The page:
Demonstrations against president-elect Donald Trump continue in cities and on college campuses. (The image at right is from an anti-Trump walkout at Rutgers University.) Small groups continue to torment people who look like they belong to groups (blacks, Latinos, gays, Jews) that lost when Trump won, and now a few Trump supporters report harassment when they come out by wearing Trump garb. Many people are trying to figure out how to respond to both Trump and what they fear he will do in office–specifically, what he promised.
It’s not just in the streets. Democrats in Congress are arguing about how to pick and fight their legislative battles, and university administrators are issuing statements not only about the virtues of diversity, but even promises to protect students liable for deportation–which may include hundreds of thousands of people.
It’s not clear what these first eruptions of activism are going to lead to, nor how effective they will be. What Trump does in office is going to matter a lot, and right now most of his opponents and allies are guessing. Trump has demonstrated no reliable commitment to any set of ideas beyond his own Trumpiness, and is already backing off some of his commitments–and commitments that supporters imagined. He’s also demonstrated little capacity or interest in managing anything beyond his media coverage, and may therefore be reluctant to undertake all of the unpopular policies he’s embraced.
Americans are worried that he’s not competent; some large share of his supporters said he’s not up to the job. But incompetence is hardly reassuring; those who are going out into the streets are more worried that he actually can follow through on his promises.
American political institutions are designed to prevent the sorts of things he’s promised from coming about. Thus far, the tripwires have failed: The Republican Party nominated a candidate without experience in public service nor demonstrated commitment to the party; mass media struggled to cover his background, and he refused to conform to norms that we thought were well-established about transparency or honesty; and the electoral college, designed as a check against such bold ambitions, actually delivered the election to him.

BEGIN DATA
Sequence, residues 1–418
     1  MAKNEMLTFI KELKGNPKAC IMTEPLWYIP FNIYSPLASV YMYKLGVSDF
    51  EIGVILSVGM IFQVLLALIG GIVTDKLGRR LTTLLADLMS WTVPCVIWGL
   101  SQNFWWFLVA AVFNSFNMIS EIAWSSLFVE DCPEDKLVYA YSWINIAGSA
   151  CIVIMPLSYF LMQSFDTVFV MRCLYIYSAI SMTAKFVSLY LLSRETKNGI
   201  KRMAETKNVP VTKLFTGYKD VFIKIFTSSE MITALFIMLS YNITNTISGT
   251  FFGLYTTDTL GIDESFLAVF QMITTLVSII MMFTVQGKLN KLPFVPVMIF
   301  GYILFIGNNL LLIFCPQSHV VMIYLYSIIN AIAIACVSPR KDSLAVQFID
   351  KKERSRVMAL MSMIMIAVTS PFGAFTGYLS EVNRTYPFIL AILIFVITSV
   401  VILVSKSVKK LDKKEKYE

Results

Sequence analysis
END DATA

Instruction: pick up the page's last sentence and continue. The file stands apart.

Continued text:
The next lines of defense are in the checks and balances of political institutions in Congress. With both Houses of Congress now controlled by the Republican Party, the question is how disciplined Republicans will be in acceding or challenging Trump.
Some historical context is helpful here. Donald Trump and the Republican Party performed substantially worse than Barack Obama and the Democrats did in 2008. Compare the results in Congress:
House of Rep. Senate
D R Dgain D R Dgain
2008 257 178 (21) 60 40 (9)
2016 193 238 (6) 51 48 (2)
President Obama, who actually won the popular vote, won a larger majority in the House and, for a brief time, a filibuster-proof majority in the Senate. Even then, his agenda narrowed as he sought to maintain the support of Democrats who held seats in more conservative states or districts (RIP, the public option, for example).
Within weeks of taking the office of office, Obama faced the newly emergent Tea Party, which opposed health care reform–among other things–emboldened Republicans, and scared more than a few Democrats.
If Trump had electoral coattails, they did not prevent the Republican Party from losing seats in both houses of Congress. Speaker of the House Paul Ryan and Senate Majority leader Mitch McConnell command smaller majorities than their counterparts eight years earlier, and their caucuses may be equally contentious. They have also disagreed with candidate Trump on matters of policy. The issues on which they toe the line or draw the line with a new president are still unclear, but will matter.
The issues that Trump decides to push will set the initial terms of the movements that challenge him, just as opposition to health care reform became the litmus test that unified the Tea Party and the Republican Party.